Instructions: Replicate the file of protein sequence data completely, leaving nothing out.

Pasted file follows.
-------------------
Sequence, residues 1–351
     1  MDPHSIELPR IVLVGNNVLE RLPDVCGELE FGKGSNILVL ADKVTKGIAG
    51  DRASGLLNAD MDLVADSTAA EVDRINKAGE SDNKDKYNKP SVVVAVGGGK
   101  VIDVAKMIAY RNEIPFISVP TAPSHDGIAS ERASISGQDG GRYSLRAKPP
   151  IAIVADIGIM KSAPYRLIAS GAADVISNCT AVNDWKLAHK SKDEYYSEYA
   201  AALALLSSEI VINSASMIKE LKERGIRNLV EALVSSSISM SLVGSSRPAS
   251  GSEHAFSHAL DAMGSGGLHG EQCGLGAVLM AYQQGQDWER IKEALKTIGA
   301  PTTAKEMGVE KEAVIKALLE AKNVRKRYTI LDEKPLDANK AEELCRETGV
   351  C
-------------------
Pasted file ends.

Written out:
Sequence, residues 1–351
     1  MDPHSIELPR IVLVGNNVLE RLPDVCGELE FGKGSNILVL ADKVTKGIAG
    51  DRASGLLNAD MDLVADSTAA EVDRINKAGE SDNKDKYNKP SVVVAVGGGK
   101  VIDVAKMIAY RNEIPFISVP TAPSHDGIAS ERASISGQDG GRYSLRAKPP
   151  IAIVADIGIM KSAPYRLIAS GAADVISNCT AVNDWKLAHK SKDEYYSEYA
   201  AALALLSSEI VINSASMIKE LKERGIRNLV EALVSSSISM SLVGSSRPAS
   251  GSEHAFSHAL DAMGSGGLHG EQCGLGAVLM AYQQGQDWER IKEALKTIGA
   301  PTTAKEMGVE KEAVIKALLE AKNVRKRYTI LDEKPLDANK AEELCRETGV
   351  C